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Dollar bears on wrong track, In defence of the ECB, and more

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Dollar bears on wrong track, In defence of the ECB, and more


10-14 May 2021, Vol.12 Ed.19

Most-Read Commentary

Dollar bears on wrong track: At the start of the year, market consensus expected the dollar to decline in 2021. So far, that has proved to be misguided. The dollar strengthened between January and March on the back of stimulus and higher long-term rates. However, the dollar depreciated as longer US rates eased in April. A new wave of rehashed arguments is pointing again to the dollar coming under major pressure. But just as earlier this year, these arguments shouldn’t be overplayed, writes Mark Sobel. 

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Reserves system puts independence at risk: Many advanced-economy central banks have resigned themselves to a probable elevated level of reserves for the foreseeable future. This exposes them to political repercussions that could endanger their independence. To avoid this, central banks may need to shrink their balance sheets, writes Chris Papadopoullos.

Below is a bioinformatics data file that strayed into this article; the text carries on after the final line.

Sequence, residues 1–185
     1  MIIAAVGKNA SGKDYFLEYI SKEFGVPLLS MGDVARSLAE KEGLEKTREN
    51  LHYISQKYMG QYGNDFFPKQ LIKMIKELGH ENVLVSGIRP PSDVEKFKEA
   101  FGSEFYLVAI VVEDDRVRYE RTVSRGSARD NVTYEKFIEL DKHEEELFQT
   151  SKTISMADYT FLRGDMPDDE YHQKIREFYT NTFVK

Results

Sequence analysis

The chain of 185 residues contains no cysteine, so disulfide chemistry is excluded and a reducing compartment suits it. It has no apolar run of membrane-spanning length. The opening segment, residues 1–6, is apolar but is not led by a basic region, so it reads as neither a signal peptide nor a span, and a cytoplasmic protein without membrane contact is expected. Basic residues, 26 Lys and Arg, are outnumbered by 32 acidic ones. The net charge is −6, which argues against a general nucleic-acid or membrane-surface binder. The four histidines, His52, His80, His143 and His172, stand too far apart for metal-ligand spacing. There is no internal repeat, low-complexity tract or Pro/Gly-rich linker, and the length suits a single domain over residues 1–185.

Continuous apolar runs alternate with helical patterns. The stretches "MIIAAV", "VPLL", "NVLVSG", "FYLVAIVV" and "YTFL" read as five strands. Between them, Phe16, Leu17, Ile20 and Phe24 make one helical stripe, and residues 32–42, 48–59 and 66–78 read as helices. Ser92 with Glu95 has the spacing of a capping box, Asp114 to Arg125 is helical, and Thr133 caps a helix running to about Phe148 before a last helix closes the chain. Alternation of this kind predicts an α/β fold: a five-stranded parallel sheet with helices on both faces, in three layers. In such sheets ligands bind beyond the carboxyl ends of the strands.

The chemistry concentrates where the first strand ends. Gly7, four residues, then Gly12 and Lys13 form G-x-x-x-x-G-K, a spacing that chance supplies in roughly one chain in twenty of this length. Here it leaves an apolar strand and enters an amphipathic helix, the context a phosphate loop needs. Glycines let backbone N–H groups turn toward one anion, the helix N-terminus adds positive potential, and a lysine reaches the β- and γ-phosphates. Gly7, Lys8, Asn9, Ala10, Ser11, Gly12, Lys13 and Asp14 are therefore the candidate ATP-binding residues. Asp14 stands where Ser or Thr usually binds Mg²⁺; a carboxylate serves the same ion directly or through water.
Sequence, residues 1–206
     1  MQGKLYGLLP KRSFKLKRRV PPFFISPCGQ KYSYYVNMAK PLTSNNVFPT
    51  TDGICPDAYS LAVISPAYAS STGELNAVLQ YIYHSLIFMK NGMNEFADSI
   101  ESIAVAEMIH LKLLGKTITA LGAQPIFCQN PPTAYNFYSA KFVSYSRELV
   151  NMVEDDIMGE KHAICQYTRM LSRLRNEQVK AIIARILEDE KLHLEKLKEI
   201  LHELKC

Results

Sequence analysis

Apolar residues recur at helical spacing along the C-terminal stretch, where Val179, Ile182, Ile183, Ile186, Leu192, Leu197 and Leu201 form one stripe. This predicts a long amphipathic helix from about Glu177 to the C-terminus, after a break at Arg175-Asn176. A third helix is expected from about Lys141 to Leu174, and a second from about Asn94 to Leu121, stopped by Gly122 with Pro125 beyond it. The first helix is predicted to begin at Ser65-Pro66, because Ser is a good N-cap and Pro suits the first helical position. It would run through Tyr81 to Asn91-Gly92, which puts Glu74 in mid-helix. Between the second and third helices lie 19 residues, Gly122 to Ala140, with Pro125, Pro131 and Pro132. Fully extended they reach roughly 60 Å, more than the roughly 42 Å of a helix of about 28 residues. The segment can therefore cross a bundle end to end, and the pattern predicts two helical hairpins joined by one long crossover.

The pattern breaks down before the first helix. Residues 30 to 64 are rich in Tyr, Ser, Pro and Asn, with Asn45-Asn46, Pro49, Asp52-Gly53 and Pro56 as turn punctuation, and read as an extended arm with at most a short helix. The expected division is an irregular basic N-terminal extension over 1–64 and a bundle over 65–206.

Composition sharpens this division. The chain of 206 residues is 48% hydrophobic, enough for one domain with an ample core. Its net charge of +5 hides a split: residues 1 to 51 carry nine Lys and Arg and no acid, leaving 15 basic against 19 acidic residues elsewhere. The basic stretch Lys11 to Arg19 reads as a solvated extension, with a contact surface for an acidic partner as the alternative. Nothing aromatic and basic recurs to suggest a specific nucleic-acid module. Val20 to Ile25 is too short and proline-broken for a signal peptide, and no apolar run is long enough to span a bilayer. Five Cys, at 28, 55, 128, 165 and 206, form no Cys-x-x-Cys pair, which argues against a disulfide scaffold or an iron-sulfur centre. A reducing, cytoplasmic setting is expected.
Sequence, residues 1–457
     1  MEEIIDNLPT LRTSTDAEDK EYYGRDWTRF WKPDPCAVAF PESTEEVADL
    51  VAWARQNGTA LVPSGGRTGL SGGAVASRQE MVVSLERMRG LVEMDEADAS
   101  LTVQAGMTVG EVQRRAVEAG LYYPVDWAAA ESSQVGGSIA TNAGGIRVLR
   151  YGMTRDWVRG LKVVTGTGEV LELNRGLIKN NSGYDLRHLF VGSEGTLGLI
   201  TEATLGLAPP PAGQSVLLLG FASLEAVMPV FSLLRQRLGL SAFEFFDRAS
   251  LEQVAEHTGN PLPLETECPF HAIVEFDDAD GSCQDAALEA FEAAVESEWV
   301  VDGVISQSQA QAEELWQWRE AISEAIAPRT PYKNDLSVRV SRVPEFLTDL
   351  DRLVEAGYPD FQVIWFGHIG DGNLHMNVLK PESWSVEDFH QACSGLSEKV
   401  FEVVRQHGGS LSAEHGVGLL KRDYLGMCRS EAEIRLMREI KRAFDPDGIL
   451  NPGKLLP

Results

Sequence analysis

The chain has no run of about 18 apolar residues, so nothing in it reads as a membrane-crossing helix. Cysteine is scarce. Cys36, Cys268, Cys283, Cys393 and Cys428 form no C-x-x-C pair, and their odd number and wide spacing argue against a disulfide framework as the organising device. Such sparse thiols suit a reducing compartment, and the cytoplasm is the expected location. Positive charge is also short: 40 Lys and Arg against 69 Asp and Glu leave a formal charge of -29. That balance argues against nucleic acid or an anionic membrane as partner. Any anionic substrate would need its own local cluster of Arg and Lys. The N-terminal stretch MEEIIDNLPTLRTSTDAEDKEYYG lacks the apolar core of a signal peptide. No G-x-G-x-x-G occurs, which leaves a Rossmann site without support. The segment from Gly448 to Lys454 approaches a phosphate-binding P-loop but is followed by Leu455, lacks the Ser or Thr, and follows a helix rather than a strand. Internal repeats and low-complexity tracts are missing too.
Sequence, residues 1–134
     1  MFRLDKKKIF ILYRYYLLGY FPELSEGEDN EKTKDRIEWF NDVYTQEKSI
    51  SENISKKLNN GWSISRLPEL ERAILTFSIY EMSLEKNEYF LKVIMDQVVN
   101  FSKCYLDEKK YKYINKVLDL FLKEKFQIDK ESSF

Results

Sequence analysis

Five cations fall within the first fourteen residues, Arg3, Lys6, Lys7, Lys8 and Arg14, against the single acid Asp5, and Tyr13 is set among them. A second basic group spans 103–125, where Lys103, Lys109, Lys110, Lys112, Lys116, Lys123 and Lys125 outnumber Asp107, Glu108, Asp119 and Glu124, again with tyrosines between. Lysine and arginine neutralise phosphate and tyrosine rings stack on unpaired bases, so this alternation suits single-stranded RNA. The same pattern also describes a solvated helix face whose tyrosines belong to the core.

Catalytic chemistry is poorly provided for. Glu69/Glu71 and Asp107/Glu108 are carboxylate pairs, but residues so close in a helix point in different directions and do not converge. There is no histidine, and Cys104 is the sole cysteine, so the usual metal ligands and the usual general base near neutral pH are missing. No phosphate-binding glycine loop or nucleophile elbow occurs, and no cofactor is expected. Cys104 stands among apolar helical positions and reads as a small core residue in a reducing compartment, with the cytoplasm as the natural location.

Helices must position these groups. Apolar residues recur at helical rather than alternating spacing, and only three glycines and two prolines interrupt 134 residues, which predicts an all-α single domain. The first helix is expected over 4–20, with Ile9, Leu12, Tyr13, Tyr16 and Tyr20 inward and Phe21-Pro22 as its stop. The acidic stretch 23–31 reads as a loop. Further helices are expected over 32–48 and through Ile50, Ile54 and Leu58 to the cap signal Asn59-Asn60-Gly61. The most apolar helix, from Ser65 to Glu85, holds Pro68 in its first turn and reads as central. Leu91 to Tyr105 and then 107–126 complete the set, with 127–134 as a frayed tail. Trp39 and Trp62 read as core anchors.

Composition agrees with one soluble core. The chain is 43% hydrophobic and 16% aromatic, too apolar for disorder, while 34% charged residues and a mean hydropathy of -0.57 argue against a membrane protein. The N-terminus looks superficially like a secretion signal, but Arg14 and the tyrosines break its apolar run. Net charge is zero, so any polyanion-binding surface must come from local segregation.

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Towards a sustainable Covid-19 recovery in Europe: Alessandra Perrazzelli of Banca d’Italia, Audun Grønn of Norges Bank and Didier Borowski of Amundi join OMFIF’s David Marsh to discuss the economic situation in Europe. They outline inflation expectations, key investment needs and the importance of the EU’s Next Generation Fund in achieving growth in the euro area. 

Retail CBDCs: Policy implications and rollout strategies: Central banks around the world have intensified central bank digital currency research and experimentation. Consumer-ready CBDCs have captured global attention with discussion focusing on public-private partnerships. This podcast explores the policy implications of a new form of programmable money and more.

In defence of the ECB: The ECB is not always easy to understand, but the criticism lobbed at the institution is far overdone. It is often accused of having gone too far in its response to times of crisis. But a predicted surge in inflation has not happened. By all reasonable standards, the ECB is doing a tremendous job, writes Holger Schmieding.
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